John Pawson


Temple Of Diana, Sounion, Greece

©Monica Pidgeon

I think people are very surprised when they come to my lecture, having seen some of the work as I think they have this idea that perhaps it all came out of nowhere and that it's something very, very modern, this idea of simplicity. I always say there's nothing new about my work. Of course it's my interpretation of principles and ideas that really go back to the beginning and there's this common thread throughout civilisation, the last five thousand years. Where there have been these, perhaps, minorities who have been attracted by the notion of travelling light, and by using simplicity as a means of living and perhaps as a means of creating a kind of an artistic thing. And then I tend to show work like Cistercian monastic architecture; or Shakers' buildings and artefacts; or examples of Islamic architecture, Granada; or in fact classical architecture, Rome and Greece, things like the Pantheon; and even Neolithic, Stonehenge and things like that. Even though I spent four years in Japan teaching and studying architecture, I really went there because I already was fascinated by this notion of simplicity; and of course the Japanese, probably around the sixteenth century, I think brought it to its absolute peak. But I think, much more than Japan probably, is my background from Halifax. It's the nineteenth century master-builders in Halifax that I think influenced me the most.


Dean Clough Mills, Halifax

©Susan Crowe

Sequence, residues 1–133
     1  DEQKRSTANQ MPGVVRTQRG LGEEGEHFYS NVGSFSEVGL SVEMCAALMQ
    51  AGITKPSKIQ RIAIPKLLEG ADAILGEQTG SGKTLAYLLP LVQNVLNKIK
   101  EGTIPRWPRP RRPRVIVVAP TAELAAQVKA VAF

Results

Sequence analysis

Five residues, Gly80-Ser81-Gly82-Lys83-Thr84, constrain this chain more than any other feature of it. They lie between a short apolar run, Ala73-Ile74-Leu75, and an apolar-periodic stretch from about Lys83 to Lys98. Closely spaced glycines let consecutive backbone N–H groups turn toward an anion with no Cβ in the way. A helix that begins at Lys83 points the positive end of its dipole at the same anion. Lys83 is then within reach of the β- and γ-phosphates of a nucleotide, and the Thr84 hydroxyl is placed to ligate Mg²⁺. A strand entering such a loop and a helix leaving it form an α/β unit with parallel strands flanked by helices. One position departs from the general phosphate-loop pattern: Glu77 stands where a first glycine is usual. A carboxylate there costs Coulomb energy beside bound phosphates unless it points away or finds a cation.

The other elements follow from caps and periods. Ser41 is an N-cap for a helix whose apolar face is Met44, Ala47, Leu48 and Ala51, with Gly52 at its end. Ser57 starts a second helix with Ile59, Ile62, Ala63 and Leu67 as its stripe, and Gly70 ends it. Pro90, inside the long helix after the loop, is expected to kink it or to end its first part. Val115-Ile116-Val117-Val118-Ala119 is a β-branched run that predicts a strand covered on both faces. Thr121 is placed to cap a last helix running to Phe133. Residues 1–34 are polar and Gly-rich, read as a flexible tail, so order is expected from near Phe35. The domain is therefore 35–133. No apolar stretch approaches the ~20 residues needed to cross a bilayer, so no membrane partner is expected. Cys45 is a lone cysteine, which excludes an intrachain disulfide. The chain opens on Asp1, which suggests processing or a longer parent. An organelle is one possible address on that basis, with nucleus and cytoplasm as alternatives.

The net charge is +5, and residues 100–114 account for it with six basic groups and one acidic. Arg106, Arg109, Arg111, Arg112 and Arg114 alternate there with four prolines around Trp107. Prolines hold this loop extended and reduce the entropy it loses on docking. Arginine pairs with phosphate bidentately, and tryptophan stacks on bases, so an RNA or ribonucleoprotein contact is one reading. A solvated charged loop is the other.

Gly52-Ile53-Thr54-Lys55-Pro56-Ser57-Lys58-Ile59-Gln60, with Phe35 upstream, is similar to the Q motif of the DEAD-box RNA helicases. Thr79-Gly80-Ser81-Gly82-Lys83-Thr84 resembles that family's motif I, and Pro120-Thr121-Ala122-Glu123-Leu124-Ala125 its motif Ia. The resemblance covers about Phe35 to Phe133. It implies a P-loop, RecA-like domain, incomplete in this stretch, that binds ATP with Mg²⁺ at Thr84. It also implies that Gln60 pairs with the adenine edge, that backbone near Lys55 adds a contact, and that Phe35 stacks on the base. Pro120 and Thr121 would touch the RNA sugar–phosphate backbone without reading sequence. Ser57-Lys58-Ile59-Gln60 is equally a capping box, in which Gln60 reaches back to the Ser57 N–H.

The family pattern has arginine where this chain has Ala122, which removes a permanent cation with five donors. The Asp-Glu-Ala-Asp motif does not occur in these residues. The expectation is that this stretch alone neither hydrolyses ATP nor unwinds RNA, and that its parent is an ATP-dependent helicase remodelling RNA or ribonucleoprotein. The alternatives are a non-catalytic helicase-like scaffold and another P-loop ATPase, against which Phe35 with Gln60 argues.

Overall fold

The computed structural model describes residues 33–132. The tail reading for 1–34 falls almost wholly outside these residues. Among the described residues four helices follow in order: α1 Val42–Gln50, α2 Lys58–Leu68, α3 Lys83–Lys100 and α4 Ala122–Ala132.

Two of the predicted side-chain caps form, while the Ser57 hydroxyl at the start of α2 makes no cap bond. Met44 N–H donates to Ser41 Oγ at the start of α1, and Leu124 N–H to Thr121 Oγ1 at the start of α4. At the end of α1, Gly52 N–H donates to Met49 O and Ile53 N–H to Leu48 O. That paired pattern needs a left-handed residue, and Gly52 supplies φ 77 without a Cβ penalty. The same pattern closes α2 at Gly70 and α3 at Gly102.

I've only come to realise that since working on a project in Halifax, Dean Clough Mills, where I was forced to examine the existing architecture which is this wonderful kind of urban complex made out of York stone. And then all the things that I really like in architecture, and I use in fact to create my architecture, things like repetition, repetition of form like the very simple fenestration, the ramps, the steps, the sort of massiveness and simplicity, and the materials and just the whole kind of thing there has been a tremendous influence. A lot of people use the word 'minimalism' to describe what I do, which I suppose is an easy way for people to describe it. Of course it's far from minimal. The work is highly complex, it's very difficult to achieve. My work relies to a huge extent on material. And it's that choice of material. When I start to work I do very little drawing, although I have a very clear idea of the space that I want to achieve. And of course space, there is for me the prime thing, for me architectures all about space. And I tend to do a few quick drawings on paper, although I'm very reluctant to get drawn into plans, because I think plans are very seductive and only two-dimensional, and what can look good on plan doesn't necessarily look good in the round, and so I tend to build it up through use of models and views and of course, lately, obviously using a computer. But what interests me is using material and light and also obviously playing with scale and proportion. I like pushing things to the limit. I like attenuated spaces and compression. I think I deliberately make walls thick so that you can feel the space when you go through them. And I like rooms that have views. I always try to give a room, however small; a vista.

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